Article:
We understand the temptation for artists to pay third-party (i.e. not in-house curators) playlisters to have their music added to their playlists, but it’s a bad idea. It’s frowned upon by Spotify, and even if it generates streams in the short term, it’s not a good way of creating actual fans.

If you’re wobbling, Rolling Stone has a good feature outlining these and other drawbacks, including this from Michael Sloane of playlist-pitching firm Streaming Promotions.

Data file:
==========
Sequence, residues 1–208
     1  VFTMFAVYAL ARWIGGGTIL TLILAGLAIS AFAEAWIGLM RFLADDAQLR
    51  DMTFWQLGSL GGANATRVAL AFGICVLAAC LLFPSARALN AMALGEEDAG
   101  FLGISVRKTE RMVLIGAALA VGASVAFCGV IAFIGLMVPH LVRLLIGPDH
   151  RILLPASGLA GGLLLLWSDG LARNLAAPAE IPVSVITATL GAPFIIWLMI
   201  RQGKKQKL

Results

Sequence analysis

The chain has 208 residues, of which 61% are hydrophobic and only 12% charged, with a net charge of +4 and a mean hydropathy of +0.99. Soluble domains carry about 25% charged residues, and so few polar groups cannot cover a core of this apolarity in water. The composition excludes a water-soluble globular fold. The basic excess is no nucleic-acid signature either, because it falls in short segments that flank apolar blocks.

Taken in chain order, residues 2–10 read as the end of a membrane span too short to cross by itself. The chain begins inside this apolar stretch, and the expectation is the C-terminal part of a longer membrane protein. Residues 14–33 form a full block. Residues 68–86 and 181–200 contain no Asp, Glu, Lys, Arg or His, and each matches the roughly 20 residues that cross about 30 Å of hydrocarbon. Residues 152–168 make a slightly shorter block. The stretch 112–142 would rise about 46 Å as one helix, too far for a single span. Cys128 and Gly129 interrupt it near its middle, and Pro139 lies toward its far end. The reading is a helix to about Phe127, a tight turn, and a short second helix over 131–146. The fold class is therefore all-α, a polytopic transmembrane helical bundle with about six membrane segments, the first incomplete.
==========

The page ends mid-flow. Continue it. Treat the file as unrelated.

“What we’ve seen from playlists that demand money is they might have a valuable playlist when they start that process, but within two months, it’s all garbage,” he said.

His company is helping to quantify the pay-for-playlisting ecosystem too: it has a spreadsheet of third-party playlists including a ‘do not contact’ tab for those who’ve asked for money, and that tab now has “a couple thousand entries”.

Photo by Brian Yurasits on Unsplash

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Stuart Dredge

Music Ally's Head of Insight

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